Good morning, Dubai! For a while, every day for me started at 5:30am thanks to the Mosque right next doors. Dubai wasn’t the place to go out at night anyway, so I always made for an early start which was quite nice.

Having left Melbourne after about a week, my next stop this year was a place I’ve only known from media coverage – I didn’t really know what to expect. And now that I’ve had a few days there, I’m still not sure what to make of the country and whether I like it or not. But let’s start with the obvious: Downtown Dubai.








As I’ve mentioned in my last post, climbing tall buildings has become kind of a hobby recently. So of course I had to check out the Burj Khalifa, that giant beast dwarfing all the other skyscrapers around. A brief lift ride took me up to the viewing platform for an amazing look around. Right next to the biggest mall in the world (including the biggest aquarium in the world) the tallest building in the world is an awesome 830 meters of steel and glass. Quite breathtaking.





To state the obvious, Dubai is a place of extremes and enormous contrasts. The population seems to be divided in 3 groups of people: The rich people from the region, the internationals (also rich) and the workforce (mostly Indian and Pakistani like it seemed to me). None of these groups seem to mix, different parts of the city seem almost isolated from each other, diversity is apparent only when you look at the whole. So walking through the streets was quite an experience.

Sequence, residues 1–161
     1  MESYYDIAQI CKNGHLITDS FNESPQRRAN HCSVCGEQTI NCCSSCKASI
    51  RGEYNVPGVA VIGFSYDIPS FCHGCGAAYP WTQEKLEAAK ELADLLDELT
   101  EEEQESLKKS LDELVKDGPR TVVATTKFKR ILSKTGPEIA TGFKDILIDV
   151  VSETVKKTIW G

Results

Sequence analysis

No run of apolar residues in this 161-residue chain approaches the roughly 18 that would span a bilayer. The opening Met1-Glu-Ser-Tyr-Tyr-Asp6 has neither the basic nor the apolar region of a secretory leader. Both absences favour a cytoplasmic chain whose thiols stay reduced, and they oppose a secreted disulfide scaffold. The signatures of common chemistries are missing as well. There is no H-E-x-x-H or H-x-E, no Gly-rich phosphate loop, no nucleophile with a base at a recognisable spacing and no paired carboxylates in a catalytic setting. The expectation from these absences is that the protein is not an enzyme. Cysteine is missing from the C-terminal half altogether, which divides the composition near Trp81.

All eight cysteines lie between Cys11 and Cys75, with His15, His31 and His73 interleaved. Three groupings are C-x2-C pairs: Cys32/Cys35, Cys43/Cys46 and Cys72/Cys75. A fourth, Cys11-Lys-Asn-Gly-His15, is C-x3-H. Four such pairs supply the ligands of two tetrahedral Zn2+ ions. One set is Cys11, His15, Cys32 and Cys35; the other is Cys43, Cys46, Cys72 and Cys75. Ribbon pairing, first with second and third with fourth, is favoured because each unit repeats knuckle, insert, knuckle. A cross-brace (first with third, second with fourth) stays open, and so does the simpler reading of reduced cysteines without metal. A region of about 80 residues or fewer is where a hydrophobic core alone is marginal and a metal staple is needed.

Once you leave the air conditioned world of glass and polished steel, you realise that everything is indeed built in the middle of the desert including everything that comes with it: dust, heat and nasty smells. Very interesting but quite exhausting as a tourist was the traditional fish market. I didn’t stay long because at that time I was more or less the only visitor (it was early in the morning) so all these hundreds of traders tried to sell me nuts, figs, dates (delicious!) and dried sharks. And apparently, sleeping in public is a thing in Dubai.








Having seen the modern and not so modern bits of central Dubai, I took the chance to see more of the outskirts by going on a desert safari. This “safari” was one of the worst tourist things I’ve done so far but everyone except me seemed to enjoy it a lot. I ignored most of the things everyone was freaking out about (it’s not allowed to hold hands in public but as soon as a belly dancer appears everyone takes out their cameras) and just enjoyed being in the middle of the desert – which at the time of the sunset is an amazing thing to do.








What else? I went to a /r/dubai reddit meetup in one of the hotel bars (in general, you’re not allowed to drink in Dubai except for these few licensed places where you feel like you’re in the middle of Europe). Yes, I’ve had my good share of fun.




After these five days I don’t feel like I understand the local culture in any way. The mismatch between religiously influenced ways and actual behaviour thanks to Dubai’s openness in the Arabic world were confusing to me. Still, I’m glad I had this last stop after a year abroad. Again, I’ve met nice people, had great food, and valuable experiences I wouldn’t want to miss. With these pictures I’ve taken home, it was a nice wind up before setting foot on German ground the very next day.